Annotating books: yay or nay?

If you are of the opinion that nothing should mar the pages of your precious books (and that’s a totally understandable point of view), than I would quit reading right now because some of these photos might upset you.

I re entered college a couple years ago and things are a lot different this time around. I have a very full time job, a husband and two kids. It wasn’t as easy to breeze through as it was when I was 18. Majoring in history, I have to keep track of tons and tons of names, dates, and places. I love to keep concise notes but I wanted to get more out of my text books. Because of my profession, I sometimes get grants for free ebook versions of my textbooks (which is great and many people wish for) but I missed the ease of flipping back and forth through paper pages, so I started buying the paper copies and started writing and marking the hell out of my textbooks. I began to get so much more out of my textbooks this way. My Historiography textbook is a good example of this and I am able to flip back through it for advice when working on a history paper.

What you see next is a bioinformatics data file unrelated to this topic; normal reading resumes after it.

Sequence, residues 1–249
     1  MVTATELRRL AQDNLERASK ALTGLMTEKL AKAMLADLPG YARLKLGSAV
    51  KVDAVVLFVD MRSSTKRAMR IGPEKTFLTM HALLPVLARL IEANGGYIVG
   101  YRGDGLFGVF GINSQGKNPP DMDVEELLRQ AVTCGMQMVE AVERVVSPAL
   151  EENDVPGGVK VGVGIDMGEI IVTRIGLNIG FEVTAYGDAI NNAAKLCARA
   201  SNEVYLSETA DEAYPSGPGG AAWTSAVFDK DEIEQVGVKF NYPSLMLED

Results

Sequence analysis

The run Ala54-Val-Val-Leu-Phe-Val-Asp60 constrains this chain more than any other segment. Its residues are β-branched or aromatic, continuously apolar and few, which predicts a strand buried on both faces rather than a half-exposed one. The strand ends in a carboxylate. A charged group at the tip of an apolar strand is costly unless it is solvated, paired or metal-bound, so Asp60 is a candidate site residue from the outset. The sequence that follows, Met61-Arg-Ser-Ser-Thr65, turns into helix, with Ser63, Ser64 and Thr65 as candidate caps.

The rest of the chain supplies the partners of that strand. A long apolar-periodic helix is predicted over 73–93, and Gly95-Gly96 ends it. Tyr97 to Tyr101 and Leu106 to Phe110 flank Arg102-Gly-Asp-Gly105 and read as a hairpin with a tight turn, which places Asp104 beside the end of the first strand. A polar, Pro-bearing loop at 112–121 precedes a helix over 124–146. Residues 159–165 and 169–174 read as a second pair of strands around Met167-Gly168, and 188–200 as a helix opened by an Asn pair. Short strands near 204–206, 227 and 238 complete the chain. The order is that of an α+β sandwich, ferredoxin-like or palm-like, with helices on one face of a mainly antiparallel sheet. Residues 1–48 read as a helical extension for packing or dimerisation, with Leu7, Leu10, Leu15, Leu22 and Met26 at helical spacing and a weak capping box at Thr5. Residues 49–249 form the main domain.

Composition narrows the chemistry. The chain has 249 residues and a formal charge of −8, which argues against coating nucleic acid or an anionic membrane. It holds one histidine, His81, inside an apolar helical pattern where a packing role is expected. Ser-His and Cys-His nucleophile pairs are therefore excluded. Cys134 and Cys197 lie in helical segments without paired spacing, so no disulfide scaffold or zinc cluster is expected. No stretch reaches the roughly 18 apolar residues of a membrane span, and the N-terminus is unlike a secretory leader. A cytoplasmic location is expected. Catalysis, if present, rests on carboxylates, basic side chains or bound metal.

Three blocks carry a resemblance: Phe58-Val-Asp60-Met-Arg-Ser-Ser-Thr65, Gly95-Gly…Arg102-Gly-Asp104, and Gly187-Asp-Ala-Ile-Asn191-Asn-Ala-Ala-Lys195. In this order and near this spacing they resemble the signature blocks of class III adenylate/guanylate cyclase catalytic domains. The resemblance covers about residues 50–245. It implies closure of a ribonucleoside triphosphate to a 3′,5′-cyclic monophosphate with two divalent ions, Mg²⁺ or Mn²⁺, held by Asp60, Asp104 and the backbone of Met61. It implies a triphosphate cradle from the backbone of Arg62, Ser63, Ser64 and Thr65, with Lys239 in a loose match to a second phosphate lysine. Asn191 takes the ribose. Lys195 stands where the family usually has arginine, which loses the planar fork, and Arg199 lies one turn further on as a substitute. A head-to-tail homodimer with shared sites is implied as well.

Back in August when I started my Classics Book Club Challenge, I challenged myself to read many books that had frightened me in the past. I wanted to immerse myself in them and get all I could from the texts. So I thought to myself that if marking my textbooks was working so well, why not begin to mark my books as well? So that’s what I did. It has been going wonderfully so far. Over the last few months I have been honing my system so it has changed considerably from just post it notes and marking with asterisks. I now loosely color code things with highlighter and pen and take notes in my reading journal. I also still use plenty of post its to tab the books. Usually I will highlight or underline key characters’ first appearance in blue while highlighting pretty passages in pink. A good example of my more recent refined system can be seen here in my copy of The Silmarillion by J.R.R. Tolkien which I am currently re reading. I thought it would be fitting to include this book as tomorrow March 25 is Tolkien Read Day.